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Sep 18, 2020

Local heating of radiation belt electrons to ultra-relativistic energies

Posted by in categories: particle physics, space

Figures 4 and 5 effectively demonstrate that local acceleration is capable of heating electrons to ~7 MeV as the phase space density profiles show signatures of local acceleration during both of the geomagnetic storms considered. The phase space density enhancements for higher energies followed the enhancements at lower energies. In Supplementary Note 8, additional analysis establishes that locally growing peaks are also observed for lower values of K, corresponding to radiation belt electrons confined closer to the equator. Furthermore, as the values of K and L* are dependent on the magnetic field model chosen, results using an additional two field models are also presented (see Supplementary Note 9) and, once again, growing peaks are observed in the radial phase space density profile. Our results demonstrate that local acceleration had a significant effect on radiation belt particles during both of the storms in October 2012, acting on electrons up to 7 MeV. In the radiation belt region, local acceleration introduces radial gradients in phase space density and so is always accompanied by both outwards and inwards radial diffusion. Locally heating electrons to ~7 MeV provides a very high energy “source population” for inwards radial diffusion and could therefore help explain the occurrence of ~10 MeV electrons in April–May 201716.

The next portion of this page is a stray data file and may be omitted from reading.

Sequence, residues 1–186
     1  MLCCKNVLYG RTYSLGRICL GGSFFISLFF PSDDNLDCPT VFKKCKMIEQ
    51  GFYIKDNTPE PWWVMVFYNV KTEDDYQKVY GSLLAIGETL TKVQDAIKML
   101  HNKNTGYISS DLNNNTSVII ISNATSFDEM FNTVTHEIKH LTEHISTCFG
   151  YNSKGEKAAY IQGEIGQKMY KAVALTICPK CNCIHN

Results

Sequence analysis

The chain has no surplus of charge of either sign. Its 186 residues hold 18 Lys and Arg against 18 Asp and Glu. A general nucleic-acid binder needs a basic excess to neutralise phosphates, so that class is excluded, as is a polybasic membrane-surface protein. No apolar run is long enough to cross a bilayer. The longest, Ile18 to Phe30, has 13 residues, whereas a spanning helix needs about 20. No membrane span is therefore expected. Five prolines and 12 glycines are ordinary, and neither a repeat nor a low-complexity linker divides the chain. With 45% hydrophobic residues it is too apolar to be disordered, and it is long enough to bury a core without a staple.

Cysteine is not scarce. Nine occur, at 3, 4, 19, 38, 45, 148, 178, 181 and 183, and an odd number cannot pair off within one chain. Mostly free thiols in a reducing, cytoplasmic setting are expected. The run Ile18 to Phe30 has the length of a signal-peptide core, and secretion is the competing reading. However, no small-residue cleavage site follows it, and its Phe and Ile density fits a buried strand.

A recent study by Zhao et al.15, considered the acceleration of ultra-relativistic electrons via a statistical analysis of events during the Van Allen Probe era. The results were consistent with a two-step acceleration process, where locally heated electrons at large L*, beyond the Van Allen Probes apogee, are radially diffused inwards to reach energies of 7 MeV in the outer radiation belt. While the combination of local acceleration and radial diffusion produces 7 MeV enhancements15, the Van Allen Probe observations for the two storms shown in this study demonstrate that local acceleration can also act directly up to 7 MeV energies. The local energization mechanism responsible for generating 7 MeV electrons in the heart of the outer radiation belt, be that acceleration by chorus waves or some other process, presents an interesting focus for future research. Longer term analysis and statistical studies can be used to better understand the conditions leading to acceleration. Datasets formed via data-assimilation techniques may be useful for this purpose. Long term observations of the ultra-relativistic component of Earth’s radiation belts demonstrate that ≥7 MeV electrons are a relatively rare phenomenon, occurring far less frequently than enhancements at 1 or 2 MeV1. It therefore follows that the circumstances leading to multi-MeV enhancements could be unusual, requiring specific conditions. Our results highlight that wave-particle interactions can provide the primary acceleration mechanism for electrons up to ultra-relativistic energies, a finding applicable to magnetized plasmas throughout the solar system.

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